And after I take my own well-deserved rest, I’ll come back with a very different take on murder and mayhem–the next of the Westlake ‘nephew’ books, and while I wouldn’t say it’s the best of the bunch, it got a fantastic paperback cover–eventually. Almost four decades after it was first published in hardcover, with maybe the worst cover art Westlake ever got for any book–and that’s a competitive category.  Remind me again why hardcovers are more prestigious?

And this book got reprinted in a men’s magazine too–THE men’s magazine, in fact. There must have been times when Westlake pondered the irony that after writing near-porn for years, he got into actual porn magazines with stories where the hero doesn’t even have sex. People are funny, you ever notice that?  Westlake did. See you next year.

20 Comments

Filed under Donald Westlake novels, Parker Novels

The Green Eagle Score, Part 2

green_eagle_score_2green_eagle_score_3

“Then there was a boom like an explosion.  Not like a rifle shot at all.  A real explosion.  And I looked and there was a bullet coming toward me.  It looked like a train in a tunnel, except it filled it all the way around, there wasn’t any place to squeeze in and let it go by.  And the front was all flat and squashed. I started running away, but I was slow, it turned slow-motion, you know, the way they do.  But the bullet was slow, too, it was just behind me but it couldn’t catch up.  And my father’s eye was still up at the other end, he wouldn’t get out of the way.  I kept hollering at him, but he wouldn’t get out of the way.”

In the course of telling all this, Roger’s voice had lost its usual whine, his expression had calmed, and he had shown briefly who it was he might have been if things had been different.  But now his face twisted back into its usual expression, the whine came into his voice again, and he shrugged negligently, saying, “That’s when I woke up.”

“Not hard to interpret, that dream,” Dr. Godden suggested.

“If I come out of this with my skin,” Godden said, “I’ll consider myself well ahead.  Ellen Fusco told me about you, Parker, but I underestimated you, I didn’t really listen to what she was saying.”  His face clouded.  “I underestimated Roger, too.”

One thing that always amazes me about the Parker novels, no matter how many times I read them, is how much Westlake managed to pack into each and every one–what a concentration of exquisitely detailed little thumbnail portraits and sage, sparely expressed observations of human nature they are.   I’ve said several times already that each of them is a study in comparative psychology–the way different people react differently to the same situation–this one adds an actual psychiatrist to the mix, and finds him just as easy to lay open on Richard Stark’s unforgiving dissection table of the mind as any layperson.   He may understand his confused patients better than they do themselves, but he’s as much a stranger to himself as any of them.  If not more.  A little knowledge of the mind’s workings can be a truly dangerous thing.  All the more when you misuse it.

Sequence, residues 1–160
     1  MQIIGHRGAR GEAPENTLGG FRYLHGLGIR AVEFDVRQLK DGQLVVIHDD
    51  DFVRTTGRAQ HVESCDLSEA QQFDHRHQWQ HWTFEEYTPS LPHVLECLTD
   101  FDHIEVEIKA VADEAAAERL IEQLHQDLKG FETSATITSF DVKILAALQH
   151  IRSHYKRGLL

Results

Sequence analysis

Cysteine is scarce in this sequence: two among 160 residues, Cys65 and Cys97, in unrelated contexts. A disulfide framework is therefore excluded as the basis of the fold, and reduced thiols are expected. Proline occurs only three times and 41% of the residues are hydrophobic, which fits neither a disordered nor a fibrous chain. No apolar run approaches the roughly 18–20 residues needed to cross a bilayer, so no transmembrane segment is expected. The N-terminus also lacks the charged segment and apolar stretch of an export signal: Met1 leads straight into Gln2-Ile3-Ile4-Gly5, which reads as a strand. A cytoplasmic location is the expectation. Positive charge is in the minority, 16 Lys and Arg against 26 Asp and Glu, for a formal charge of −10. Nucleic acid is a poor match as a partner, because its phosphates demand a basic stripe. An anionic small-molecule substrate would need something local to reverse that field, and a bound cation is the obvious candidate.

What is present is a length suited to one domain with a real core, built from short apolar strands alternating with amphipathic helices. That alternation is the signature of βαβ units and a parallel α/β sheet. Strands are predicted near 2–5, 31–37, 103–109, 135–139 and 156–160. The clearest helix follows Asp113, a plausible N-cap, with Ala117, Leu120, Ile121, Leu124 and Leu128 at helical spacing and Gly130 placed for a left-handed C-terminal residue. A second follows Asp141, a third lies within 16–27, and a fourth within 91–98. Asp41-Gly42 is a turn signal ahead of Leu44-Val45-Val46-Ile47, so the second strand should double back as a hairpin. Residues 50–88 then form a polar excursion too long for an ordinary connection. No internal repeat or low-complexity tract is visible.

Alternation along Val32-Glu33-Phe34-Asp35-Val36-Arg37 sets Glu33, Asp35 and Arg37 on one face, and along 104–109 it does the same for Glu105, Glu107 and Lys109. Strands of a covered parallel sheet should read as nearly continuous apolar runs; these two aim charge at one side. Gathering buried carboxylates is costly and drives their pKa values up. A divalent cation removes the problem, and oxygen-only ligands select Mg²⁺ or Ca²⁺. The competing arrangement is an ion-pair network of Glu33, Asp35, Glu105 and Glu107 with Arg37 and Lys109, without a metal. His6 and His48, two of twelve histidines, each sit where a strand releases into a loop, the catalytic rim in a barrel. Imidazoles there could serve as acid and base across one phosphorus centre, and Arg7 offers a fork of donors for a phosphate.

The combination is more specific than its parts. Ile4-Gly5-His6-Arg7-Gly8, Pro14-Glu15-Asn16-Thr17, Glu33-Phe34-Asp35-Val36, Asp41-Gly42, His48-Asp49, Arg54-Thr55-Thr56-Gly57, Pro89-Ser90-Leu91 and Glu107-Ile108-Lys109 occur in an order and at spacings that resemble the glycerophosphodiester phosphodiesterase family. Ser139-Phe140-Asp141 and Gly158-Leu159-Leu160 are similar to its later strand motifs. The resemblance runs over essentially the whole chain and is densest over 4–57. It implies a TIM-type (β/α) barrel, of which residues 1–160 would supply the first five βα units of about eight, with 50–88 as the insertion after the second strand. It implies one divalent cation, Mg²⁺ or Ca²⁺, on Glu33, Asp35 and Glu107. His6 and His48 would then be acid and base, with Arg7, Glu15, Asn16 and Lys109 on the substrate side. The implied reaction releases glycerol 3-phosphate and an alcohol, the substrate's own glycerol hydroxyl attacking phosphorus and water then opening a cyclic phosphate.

They are mainly quite compact for novels, but would be little more than short stories if all they did was narrate the events leading up to and away from each heist.  There are always stories within the story, and one such episode that I’d hate to finish this review without mentioning is Parker’s side-trip to get financing for the job at hand, confined entirely to chapter 6, in Part 2 (Stark arranges his books as if they were plays, with four acts and no intermission, because you can’t put them down).

As we’ve already learned, Parker and his colleagues usually get an outside man–quite often a doctor or some other professional–to put up the money they need for equipment, and other sundry expenses–if the job goes well, the financier in question gets double what he put in–if not, he gets nothing.  But either way, he’s got a lot of spare cash he doesn’t want the IRS to know about, but would like to profitably invest.   He doesn’t have to worry about reporting any returns on his investments, either.

Nor does he have to worry about the law coming after him.  It’s part of the unwritten code of the heisting profession that if caught, you never finger the money man. You may need him again once you get out, and it’s bad for business if these guys hear about somebody getting busted for being a backer.   The money man knows nothing about what you’re going to do, probably won’t even read about it in the papers, since he doesn’t live near the site of the job.  He just knows if he gets double his money back or not.  A purely financial transaction–probably be difficult to prosecute, even if one did get caught.

So basically, the Stark heisters get a no-collateral-or-questions-asked loan they only have to pay back if they succeed, and the guy putting up the money has absolutely no say over what they do with the money.  I have no idea if this was a real thing in the real world of real heist-men, in the real 1960’s, or ever–it sounds a bit dubious (why would the money men trust thieves to honor the illegal non-binding agreement, and how did they ever get involved in this business to begin with?).